Final paycheck and severance

  • If you’ve left a job, make sure you got your final paycheck and that it’s accurate, including severance, if any.
  • If your employer pays out for unused vacation days, be sure you get what you’re owed.

Benefits and reimbursements

  • Do you have benefits from your former employer that apply to your situation, like short-term disability or FMLA?
  • Find out how long your health insurance coverage will last (if you had employer-provided insurance) and schedule any necessary medical appointments before it ends.
  • Make sure you use any money you have in FSA or HSA accounts.
  • Did you have any business expenses your employer should reimburse? Gather those receipts and submit them ASAP.

Government funding

  • Are you owed a tax refund? File your taxes as early as possible so you can get paid!
  • If you’ve been laid off, remember that employers pay unemployment insurance taxes for this very reason. So if you qualify for unemployment, file for it!
  • There’s a social safety net for a reason—and there’s no shame in using it to get through a rough patch. That’s exactly why it exists! There are many government assistance programs for housing, food, healthcare and more. Find out what’s available—the 211 website and Department of Health and Human Services are a couple good places to start.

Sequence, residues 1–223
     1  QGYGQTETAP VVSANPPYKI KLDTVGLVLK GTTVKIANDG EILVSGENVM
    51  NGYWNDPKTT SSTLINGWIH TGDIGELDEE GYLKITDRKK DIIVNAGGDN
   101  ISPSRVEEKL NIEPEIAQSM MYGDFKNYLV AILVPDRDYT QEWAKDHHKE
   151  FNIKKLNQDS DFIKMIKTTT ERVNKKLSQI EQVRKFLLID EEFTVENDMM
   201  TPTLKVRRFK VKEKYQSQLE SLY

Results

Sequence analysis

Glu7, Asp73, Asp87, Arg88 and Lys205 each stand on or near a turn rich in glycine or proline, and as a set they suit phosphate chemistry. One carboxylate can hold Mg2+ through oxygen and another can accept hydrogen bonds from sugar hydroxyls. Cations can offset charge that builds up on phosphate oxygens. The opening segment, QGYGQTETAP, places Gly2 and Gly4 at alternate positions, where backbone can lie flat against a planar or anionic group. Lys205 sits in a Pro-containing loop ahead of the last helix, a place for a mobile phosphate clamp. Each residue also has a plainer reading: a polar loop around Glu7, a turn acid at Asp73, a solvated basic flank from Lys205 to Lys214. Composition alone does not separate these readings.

• Take a look at what you’ve got in your bank accounts, CDs, flexible/health savings accounts, and other assets (or in your sock drawer) to see what you’ve got to work with.
  • Have you been saving up for a rainy day? It’s raining! If you have an emergency fund, this is the time to dip into it.

Side hustles

  • Consider the possibility of getting a short-term side gig to help you bridge the gap to your next job. These “bridge opportunities” can take many forms—selling clothes you no longer want online, picking up a side hustle (like a food-delivery gig), or doing some freelance work in your field. Once you have some money in, make some small adjustments to account for your new, variable income.

Build your no-income budget

Now that you have a solid picture of your financial world, it’s time to make a budget. Here’s a budgeting guide to get you started!

A few tips for a better no-income budget:

  • Estimate your expenses a little high and your resources a little low. To give yourself some breathing room, err on the side of caution when planning what you’ll spend on variable expenses (like groceries) and anticipating any possible incoming money (like a tax refund).
  • Add a “miscellaneous” category. It’s hard to leave room for unexpected expenses when you’re on a tight budget, but try to give yourself a little bit of wiggle room if possible. Life happens, and being ready for those expenses, as best you can, will lower your stress level and help you feel more in control.
  • Be cautious with credit. Credit cards may seem appealing to cover your bills, but you can end up with ballooning fees and interest charges—plus a hole of debt to climb out of later. As much as possible, make credit cards a last resort.